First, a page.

Why Is My Cactus Turning Brown?

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The spines on a cactus protect it from predators and provide shade from the sun.

The best way to keep your cactus from turning brown is to ensure that its environment is one that's conducive to growing a healthy plant. Quarantine new plants and inspect them for pests and disease before exposing them to your other plants. Provide loose, clean, well-drained soil. Underwater, don't overwater, your plants.

Root Rot

If the base of your cactus is turning brown and the stems are soft and yellow, it could be a sign of root rot. Plants with root rot can be hard to save because the rot starts inside the cactus and works its way out, so symptoms aren't usually noticed until the rot is advanced. Stop watering plants with early rot, and try repotting them in well-draining soil. You can try saving a plant with advanced root rot by cutting away all signs of rot along with some of the healthy tissue surrounding it to ensure that it doesn't spread. Use a clean knife and wipe it with alcohol in between cuts. Apply sulfur powder to the wounds. Overwatering or damaged roots can cause root rot.


Scales are small insects that appear like brown spots on cacti because of their hard brown shell coverings. The scales feed on plant juices, weakening cacti and making them look yellow. Spray your cactus with a stream of water to remove scales, or wash your plant with a weak solution of detergent. Use malathion insecticide for large infestations. You can also kill scales by using a cotton swab to dab horticultural oil on each scale. This cuts off the scale's air supply so it suffocates.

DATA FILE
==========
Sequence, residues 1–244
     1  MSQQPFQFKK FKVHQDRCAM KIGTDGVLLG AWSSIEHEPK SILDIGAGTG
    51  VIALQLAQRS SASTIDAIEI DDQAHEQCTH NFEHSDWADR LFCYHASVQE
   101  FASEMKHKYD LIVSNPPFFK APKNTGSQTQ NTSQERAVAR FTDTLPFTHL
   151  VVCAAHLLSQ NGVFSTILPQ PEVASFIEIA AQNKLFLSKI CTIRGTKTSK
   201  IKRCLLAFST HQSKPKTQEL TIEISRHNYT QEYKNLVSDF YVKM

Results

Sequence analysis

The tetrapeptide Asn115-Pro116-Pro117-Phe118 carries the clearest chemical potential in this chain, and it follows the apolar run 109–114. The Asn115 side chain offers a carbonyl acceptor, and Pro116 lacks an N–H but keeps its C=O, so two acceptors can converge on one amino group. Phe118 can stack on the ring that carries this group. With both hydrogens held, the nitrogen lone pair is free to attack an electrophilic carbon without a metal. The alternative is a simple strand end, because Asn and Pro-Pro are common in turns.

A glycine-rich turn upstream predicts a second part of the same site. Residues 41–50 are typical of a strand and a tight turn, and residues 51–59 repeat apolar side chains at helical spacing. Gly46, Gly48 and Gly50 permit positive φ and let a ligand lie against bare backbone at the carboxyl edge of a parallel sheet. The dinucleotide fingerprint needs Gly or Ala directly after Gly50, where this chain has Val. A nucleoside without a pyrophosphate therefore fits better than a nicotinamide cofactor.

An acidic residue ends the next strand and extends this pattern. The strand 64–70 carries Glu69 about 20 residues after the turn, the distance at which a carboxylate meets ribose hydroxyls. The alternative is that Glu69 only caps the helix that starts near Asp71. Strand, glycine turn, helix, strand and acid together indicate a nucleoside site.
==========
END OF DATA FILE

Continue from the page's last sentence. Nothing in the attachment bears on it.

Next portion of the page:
Red spider mites are small reddish insects. They're so small that it's easier to look for their webs rather than the bugs themselves. Symptoms include white spots that turn rusty brown and usually appear at the top of the plant. If left untreated, mites kill your cactus by eating the entire outer layer of tissue off your plant. Water cacti from overhead with a strong stream of water to remove mites. Miticides can be used for large infestations.


The appearance of firm, brown, barklike tissue just above the soil of an otherwise healthy plant is a sign of corking and is part of the natural aging process of cacti. Corking always starts from the base of the cactus and moves upward. If a cactus turns brown from the top down, it's a sign of sunburn or some other problem.


Mild sunburn problems appear as a whitish discoloring, usually at the top and side facing the sun. Severe burns show up as hard brown scars on the burned surface. Cacti with brown scars have permanent damage. If your plant only has whitish discoloring, you can heal it by moving it into the shade. Cacti that aren't used to being in the sun have to be acclimated to it by providing full sun for a short time each day and then increasing exposure over a period of several weeks. Some species should never have full sun all day.

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Lani Thompson

Lani Thompson began writing in 1987 as a journalist for the "Pequawket Valley News." In 1993 she became managing editor of the "Independent Observer" in East Stoneham, Maine. Thompson also developed and produced the "Clan Thompson Celiac Pocketguides" for people with celiac disease. She attended the University of New Hampshire.